Sochi 2014

With the winter Olympics started, excitement for the usual glamorous extravagance we associate with the games is mounting ever higher. The pictures of the impressive multi-million facilities, skating rinks and stadiums beguile and build in us a childish excitement for the spectacle. The Olympics have long been a symbol of international cooperation, a way to unite despite our differences under the international passion for sport and movement. But this year’s feelings of togetherness and unity are marred by controversies many find hard to ignore. Tensions are spiking worldwide as the Olympics draw nearer; will they be easier to ignore once the dazzling show is in motion?

Putin’s anti-gay propaganda law, passed on the 30th of June, is known to all; the attempts of the Russian LGBT community to establish a Pride House at this year’s winter Olympics, more recently, were brutally turned down. The difficulty this causes competing openly gay athletes, gay rights supporters, and the Russian gay community, is unquestionable. Though the USA, amongst other countries, is sending two openly gay athletes to compete- tennis star Billie Jean King and ice hockey player Caitlin Cahow- this international defiance of modern Russian homophobia could either help raise awareness to Russian supporters of Putin’s measures, or further agitate the anti-gay violence prevalent on a daily basis. Despite the Olympics being an age old tradition, they carry with them the chance for modernity and resistance to time- or perhaps the ability to adapt and evolve. In the past, countries on the brink of war with one another have sent athletes to compete alongside each other. It is the uniting spirit of sport, where nationality, political beliefs or sexual orientation mean nothing so long as a fair game is played. Which begs the question; how is Russia’s recent homophobia trickling into an international event which promotes equality and peace, in any way, fair?

The international LGBT community is not alone in setting up a general outcry over this year’s winter Olympics; the games are located mainly in the Caucasus region, sparking outrage from the international Circassian community. The expulsion of Circassians from their native region in 1864 following the Russian-Circassian war either by deportation or extermination, has bloodied the history of the Caucasus region. More controversially still, several Olympic skiing and snowboarding events will be taking place on ‘Red hill’, which earned its name due to the bloodshed of Russian-Circassian conflict. This year’s winter Olympics games have reopened this little-heard of international conflict, , and raised questions as to weather the Olympic games, a symbol of peace, were being held in an appropriate location. The Circassian ethnic cleansing has ignited international protests worldwide, making this year’s winter games contentious on yet another level. It is difficult to interpret Putin’s motivations behind choosing the Caucasus region for the games; after all, Russia has ample natural conditions in several other regions for winter sports. Though Putin frequents the region for his personal winter holidays, amongst other members of Russia’s elite, perhaps the Circassian reaction had not been accounted for, or worse still, dismissed.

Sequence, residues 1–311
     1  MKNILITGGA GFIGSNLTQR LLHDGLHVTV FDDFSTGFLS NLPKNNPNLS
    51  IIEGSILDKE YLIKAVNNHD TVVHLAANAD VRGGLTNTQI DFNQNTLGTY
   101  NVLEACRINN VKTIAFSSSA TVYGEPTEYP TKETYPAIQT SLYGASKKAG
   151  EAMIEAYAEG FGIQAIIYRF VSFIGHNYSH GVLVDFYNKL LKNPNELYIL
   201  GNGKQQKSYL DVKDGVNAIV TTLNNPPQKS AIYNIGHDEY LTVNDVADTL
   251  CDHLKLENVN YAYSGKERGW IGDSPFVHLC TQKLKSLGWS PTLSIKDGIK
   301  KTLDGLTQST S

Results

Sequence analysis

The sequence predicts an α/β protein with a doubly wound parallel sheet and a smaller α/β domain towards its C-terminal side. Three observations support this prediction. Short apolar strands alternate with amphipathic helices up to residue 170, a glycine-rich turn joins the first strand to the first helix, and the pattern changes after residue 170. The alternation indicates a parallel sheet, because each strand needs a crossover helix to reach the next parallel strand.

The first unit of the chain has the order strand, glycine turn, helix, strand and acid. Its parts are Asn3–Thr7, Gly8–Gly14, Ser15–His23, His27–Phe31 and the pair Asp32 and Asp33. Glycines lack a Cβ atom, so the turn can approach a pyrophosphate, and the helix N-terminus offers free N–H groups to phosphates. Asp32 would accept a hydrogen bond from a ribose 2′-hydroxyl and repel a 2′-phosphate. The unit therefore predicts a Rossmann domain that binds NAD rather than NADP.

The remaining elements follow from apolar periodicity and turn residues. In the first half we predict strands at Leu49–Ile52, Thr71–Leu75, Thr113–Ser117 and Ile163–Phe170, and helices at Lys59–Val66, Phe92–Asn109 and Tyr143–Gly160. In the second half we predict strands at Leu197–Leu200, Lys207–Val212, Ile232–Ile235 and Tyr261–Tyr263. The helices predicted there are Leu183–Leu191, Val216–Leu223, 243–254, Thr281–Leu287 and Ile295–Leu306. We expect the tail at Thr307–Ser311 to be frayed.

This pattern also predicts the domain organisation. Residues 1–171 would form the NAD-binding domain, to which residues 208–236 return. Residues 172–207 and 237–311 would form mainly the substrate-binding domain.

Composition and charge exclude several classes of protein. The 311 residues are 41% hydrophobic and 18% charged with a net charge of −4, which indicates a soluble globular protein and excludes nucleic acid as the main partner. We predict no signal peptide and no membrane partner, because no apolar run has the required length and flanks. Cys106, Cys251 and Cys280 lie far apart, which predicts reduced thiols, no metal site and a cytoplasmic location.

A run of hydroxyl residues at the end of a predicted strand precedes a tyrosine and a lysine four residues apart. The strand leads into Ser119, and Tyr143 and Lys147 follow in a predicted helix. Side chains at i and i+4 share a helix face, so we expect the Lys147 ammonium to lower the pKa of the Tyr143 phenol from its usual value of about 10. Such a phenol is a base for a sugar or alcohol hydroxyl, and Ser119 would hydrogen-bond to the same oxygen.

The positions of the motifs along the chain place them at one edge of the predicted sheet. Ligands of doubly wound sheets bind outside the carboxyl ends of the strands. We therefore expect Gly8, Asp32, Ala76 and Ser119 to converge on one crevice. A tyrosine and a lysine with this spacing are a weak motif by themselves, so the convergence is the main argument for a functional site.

With the controversial nature of this year’s Olympics in mind, the games still have an expected television audience of 3 billion. It is rare for the entire world to unite in excitement for one event; so rare it only ever happens once ever four years. Billions have been spent, countless hours devoted to building an image of Russia the world can both respect and admire. It will be all too easy to sit back, relax and enjoy the show.